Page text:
For several years Liberal Leader Stephen McNeil has been hammering government for its lack of movement on gas price regulation. For the most part, his anti-regulation comments have been like white noise, itâs there but no one is really listening. That may be about to change.
When the former Tory government of Rodney MacDonald instituted gas-price regulation several years ago it was amid a groundswell of public concern over wildly fluctuating gasoline prices and intense pressure from independent gas retailers trying to find a way to stay in business.
Unfortunately, too many people equated gas regulation with cheaper prices and when it didnât happened they began to show their opposition to a system that only allows the price of gasoline to be changed once a week â and by the utility and review board â unless the interrupter clause is activatedwhen the price rises or falls suddenly on world markets.
In recent weeks, when world oil prices topped $100 a barrel, motorists were groaning at paying $1.33 a litre for gasoline. Now, as the U.S. economy risks falling back into a recession, the price of oil has dropped to below $80 a barrel, but gas prices in Nova Scotia have yet to follow suit.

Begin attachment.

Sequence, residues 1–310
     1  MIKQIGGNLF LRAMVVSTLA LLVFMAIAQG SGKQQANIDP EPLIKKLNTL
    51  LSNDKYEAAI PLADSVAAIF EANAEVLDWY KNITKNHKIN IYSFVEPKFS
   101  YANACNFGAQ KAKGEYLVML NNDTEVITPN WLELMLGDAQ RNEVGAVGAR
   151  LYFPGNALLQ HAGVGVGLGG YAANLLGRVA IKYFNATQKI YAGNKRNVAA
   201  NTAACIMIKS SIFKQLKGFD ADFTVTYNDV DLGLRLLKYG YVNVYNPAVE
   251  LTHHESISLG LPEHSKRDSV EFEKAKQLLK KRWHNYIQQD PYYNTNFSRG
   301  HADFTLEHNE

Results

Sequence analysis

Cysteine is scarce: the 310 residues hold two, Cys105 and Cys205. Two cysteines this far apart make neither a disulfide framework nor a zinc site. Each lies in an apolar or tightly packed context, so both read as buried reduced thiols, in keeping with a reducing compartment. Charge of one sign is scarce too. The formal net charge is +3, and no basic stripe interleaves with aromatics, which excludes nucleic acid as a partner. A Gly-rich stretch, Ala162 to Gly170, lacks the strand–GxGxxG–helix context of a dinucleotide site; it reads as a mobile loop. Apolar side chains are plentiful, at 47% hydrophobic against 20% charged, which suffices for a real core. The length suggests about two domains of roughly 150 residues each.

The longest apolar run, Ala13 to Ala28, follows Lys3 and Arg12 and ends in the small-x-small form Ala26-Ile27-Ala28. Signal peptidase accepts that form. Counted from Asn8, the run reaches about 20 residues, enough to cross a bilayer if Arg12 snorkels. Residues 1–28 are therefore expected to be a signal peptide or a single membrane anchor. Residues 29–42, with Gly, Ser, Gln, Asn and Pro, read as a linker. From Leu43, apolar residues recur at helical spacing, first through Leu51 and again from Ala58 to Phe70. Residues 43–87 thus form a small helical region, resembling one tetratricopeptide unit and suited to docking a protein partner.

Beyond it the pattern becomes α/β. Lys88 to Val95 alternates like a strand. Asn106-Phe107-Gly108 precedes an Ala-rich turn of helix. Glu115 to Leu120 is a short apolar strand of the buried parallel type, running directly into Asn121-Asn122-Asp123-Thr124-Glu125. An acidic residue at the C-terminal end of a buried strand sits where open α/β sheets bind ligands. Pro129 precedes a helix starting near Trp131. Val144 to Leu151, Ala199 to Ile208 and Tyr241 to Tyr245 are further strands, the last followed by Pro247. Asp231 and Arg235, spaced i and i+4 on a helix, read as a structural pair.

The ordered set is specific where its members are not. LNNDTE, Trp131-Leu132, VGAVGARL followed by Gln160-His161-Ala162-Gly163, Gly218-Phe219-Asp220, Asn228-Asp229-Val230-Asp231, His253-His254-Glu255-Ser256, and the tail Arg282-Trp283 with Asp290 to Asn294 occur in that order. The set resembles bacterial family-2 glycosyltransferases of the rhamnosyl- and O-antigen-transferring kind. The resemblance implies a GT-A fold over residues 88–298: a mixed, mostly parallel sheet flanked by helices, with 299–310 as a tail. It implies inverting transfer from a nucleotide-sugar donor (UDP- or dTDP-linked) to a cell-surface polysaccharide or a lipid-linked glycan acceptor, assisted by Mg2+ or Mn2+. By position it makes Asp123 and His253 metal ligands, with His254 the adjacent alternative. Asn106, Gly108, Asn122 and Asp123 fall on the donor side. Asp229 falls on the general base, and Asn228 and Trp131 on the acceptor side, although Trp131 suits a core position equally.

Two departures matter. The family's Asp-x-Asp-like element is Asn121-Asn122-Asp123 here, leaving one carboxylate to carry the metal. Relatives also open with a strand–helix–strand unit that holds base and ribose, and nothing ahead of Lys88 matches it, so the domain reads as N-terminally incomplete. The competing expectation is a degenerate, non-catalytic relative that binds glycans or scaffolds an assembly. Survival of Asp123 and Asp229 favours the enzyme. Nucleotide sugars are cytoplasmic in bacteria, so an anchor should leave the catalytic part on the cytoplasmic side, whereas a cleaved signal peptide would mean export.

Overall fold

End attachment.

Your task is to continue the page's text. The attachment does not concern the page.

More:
Other than a drop of a couple of cents a litre last week - and depending what happened overnight with the weekly setting of gas prices - the price of gasoline is definitely not declining as quickly as it went up when world oil prices soared.
Call it free enterprise or call it price gouging, the fact is Nova Scotians are becoming grumpy with paying prices that are way out of touch with world oil markets. There have been all sorts of explanations as to why gas prices here are not in line with global prices.
This frustration could lead to McNeilâs anti-regulation message getting more acceptance and more pressure on government to scrap the system. While thatâs not the answer to the feeling of helplessness many feel, there needs to be some accountability as to why prices continue to rise faster than they come down.